American Journal of Food Science and Health
Articles Information
American Journal of Food Science and Health, Vol.6, No.1, Mar. 2020, Pub. Date: Feb. 14, 2020
A Cross Sectional Study on Caffeine Consumption and Caffeine Expectancy Among Undergraduate Medical Students
Pages: 12-22 Views: 293 Downloads: 456
[01] Sowmiya Rajeswaran, Faculty of Medicine, Melaka Manipal Medical College, Manipal Academy of Higher Education (MAHE), Melaka, Malaysia.
[02] Muhammad Zulkhairie Bin Zulkifli, Faculty of Medicine, Melaka Manipal Medical College, Manipal Academy of Higher Education (MAHE), Melaka, Malaysia.
[03] Nurul Atasya Binti Budi Irawan, Faculty of Medicine, Melaka Manipal Medical College, Manipal Academy of Higher Education (MAHE), Melaka, Malaysia.
[04] Norarina Binti Mohd Seh, Faculty of Medicine, Melaka Manipal Medical College, Manipal Academy of Higher Education (MAHE), Melaka, Malaysia.
[05] Lee Ser Yin, Faculty of Medicine, Melaka Manipal Medical College, Manipal Academy of Higher Education (MAHE), Melaka, Malaysia.
Caffeine is the most commonly consumed psychoactive substance in the world and not only found in coffee, but also present in other products that includes tea, energy drinks, caffeine containing medicine and soft drink. The aim of conducting the research is to study caffeine expectancy with gender, ethnicity, type of caffeinated products and frequency based on dependence/ withdrawal, work enhancement, appetite suppression, mood enhancement, physical performance, negative physical effect and also on sleep disturbance. A cross sectional study was conducted from October to December 2019 in our college. Purposive sampling was used to enroll students for this study and they were asked to respond to the validated questionnaires on a Liker scale. A questionnaire related to the caffeine expectancy was used in this study. Each of the question represents a domain that we can elicit based on the expectancy towards caffeine consumption which are dependence/withdrawal, physical enhancement, mood enhancement, appetite suppression, negative effect, sleep disturbance and work enhancement. The analysis included frequency, percentages, mean, standard deviation, unpaired T-test and ANOVA. A total of 127 participated in this study; we find that 70.9% of medical student consumed caffeine in the form of tea, 68.5% in the form of coffee and 43.3% in form of soft drinks or energy drinks. Most of the medical student aware and expect the positive effect towards caffeine consumption but less awareness on its negative side effect such as appetite suppression and dependence/withdrawal. But for the sleep disturbance, most of them are fully aware about this effect and that’s is the most reason they consume caffeine in the night so that they can study effectively. Based on gender, there is no different on the expectancy towards caffeine consumption between female and male. But according to ethnicity, there is different on how they expect towards caffeine consumption; where Chinese has the least expectancy on work enhancement after consume caffeine while Malay and Indian has the least expectancy on negative effect after caffeine consumption. Most of the medical students that consume the caffeinated products believed that by consuming caffeine will increase the productivity. Students believes that caffeine can make them more alert, more energetic, and even improves their concentration, attention and motivation towards work. Future research should explore the association between caffeine dose with the caffeine expectancy. Study on psychometric assessment such as stress and anxiety can be conducted along with caffeine expectancy.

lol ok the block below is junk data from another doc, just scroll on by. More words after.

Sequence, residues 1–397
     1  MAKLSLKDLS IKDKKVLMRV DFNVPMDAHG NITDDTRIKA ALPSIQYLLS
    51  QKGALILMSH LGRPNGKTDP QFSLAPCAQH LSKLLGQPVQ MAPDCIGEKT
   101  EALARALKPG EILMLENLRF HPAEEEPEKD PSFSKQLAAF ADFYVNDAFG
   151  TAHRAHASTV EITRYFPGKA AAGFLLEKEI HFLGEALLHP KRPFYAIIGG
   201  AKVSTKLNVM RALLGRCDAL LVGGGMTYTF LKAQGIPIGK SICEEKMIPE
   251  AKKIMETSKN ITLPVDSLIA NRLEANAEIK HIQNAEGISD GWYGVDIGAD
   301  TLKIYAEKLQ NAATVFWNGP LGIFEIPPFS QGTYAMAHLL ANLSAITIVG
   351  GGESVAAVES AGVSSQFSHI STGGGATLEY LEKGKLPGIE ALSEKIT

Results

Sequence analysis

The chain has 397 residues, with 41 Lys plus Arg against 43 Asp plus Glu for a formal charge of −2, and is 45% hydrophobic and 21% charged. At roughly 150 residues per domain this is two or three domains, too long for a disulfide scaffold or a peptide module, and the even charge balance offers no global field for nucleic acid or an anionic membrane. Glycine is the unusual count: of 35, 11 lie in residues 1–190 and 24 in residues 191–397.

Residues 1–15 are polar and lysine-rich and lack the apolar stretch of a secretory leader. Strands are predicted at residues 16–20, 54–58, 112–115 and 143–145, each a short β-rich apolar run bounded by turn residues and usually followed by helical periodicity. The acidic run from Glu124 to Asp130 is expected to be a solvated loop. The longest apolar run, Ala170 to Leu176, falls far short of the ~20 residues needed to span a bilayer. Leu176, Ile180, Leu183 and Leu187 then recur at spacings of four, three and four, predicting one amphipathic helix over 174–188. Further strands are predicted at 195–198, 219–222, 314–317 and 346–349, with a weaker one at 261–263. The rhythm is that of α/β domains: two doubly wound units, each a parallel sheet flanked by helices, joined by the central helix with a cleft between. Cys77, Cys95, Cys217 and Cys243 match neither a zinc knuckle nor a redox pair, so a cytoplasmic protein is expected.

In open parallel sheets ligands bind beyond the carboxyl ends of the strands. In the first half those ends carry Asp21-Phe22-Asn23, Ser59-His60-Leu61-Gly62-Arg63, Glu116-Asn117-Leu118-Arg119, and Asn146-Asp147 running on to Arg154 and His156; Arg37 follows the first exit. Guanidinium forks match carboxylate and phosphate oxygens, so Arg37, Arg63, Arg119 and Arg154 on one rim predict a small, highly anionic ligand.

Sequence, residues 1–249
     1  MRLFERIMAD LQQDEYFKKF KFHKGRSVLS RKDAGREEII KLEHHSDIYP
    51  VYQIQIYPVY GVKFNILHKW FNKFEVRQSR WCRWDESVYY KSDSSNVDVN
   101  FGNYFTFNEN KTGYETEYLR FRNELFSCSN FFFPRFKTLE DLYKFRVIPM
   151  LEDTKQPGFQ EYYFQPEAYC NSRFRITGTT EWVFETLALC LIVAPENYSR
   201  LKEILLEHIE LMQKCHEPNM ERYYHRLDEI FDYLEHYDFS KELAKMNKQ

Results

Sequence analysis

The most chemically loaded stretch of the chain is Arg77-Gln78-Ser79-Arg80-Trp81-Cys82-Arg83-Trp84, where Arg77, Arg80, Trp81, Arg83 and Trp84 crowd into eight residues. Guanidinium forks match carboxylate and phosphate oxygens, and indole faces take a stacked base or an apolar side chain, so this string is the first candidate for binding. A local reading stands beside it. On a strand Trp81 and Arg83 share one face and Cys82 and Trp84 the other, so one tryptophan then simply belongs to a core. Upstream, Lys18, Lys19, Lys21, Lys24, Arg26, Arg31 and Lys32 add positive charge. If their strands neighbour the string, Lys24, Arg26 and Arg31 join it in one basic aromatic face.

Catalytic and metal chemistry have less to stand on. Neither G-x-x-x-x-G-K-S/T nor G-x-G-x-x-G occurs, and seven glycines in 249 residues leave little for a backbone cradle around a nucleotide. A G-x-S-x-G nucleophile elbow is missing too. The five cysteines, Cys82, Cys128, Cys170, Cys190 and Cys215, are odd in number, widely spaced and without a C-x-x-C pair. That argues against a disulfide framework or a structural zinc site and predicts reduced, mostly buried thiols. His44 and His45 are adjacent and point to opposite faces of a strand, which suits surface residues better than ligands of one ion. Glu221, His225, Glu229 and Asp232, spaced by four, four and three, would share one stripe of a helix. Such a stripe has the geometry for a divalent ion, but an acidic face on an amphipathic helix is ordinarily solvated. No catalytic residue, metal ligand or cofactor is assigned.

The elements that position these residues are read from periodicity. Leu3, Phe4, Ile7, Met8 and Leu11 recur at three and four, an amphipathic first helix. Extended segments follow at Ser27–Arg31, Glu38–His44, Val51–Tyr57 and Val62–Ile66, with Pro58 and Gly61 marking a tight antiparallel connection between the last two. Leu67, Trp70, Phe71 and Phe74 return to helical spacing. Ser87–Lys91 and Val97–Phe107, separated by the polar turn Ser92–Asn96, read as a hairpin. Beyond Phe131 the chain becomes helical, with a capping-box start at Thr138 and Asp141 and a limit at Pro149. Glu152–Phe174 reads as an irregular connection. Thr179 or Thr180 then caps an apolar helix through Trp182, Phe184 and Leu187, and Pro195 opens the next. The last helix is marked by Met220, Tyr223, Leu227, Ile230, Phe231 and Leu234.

Caffeine, Cross-sectional, Medical Students
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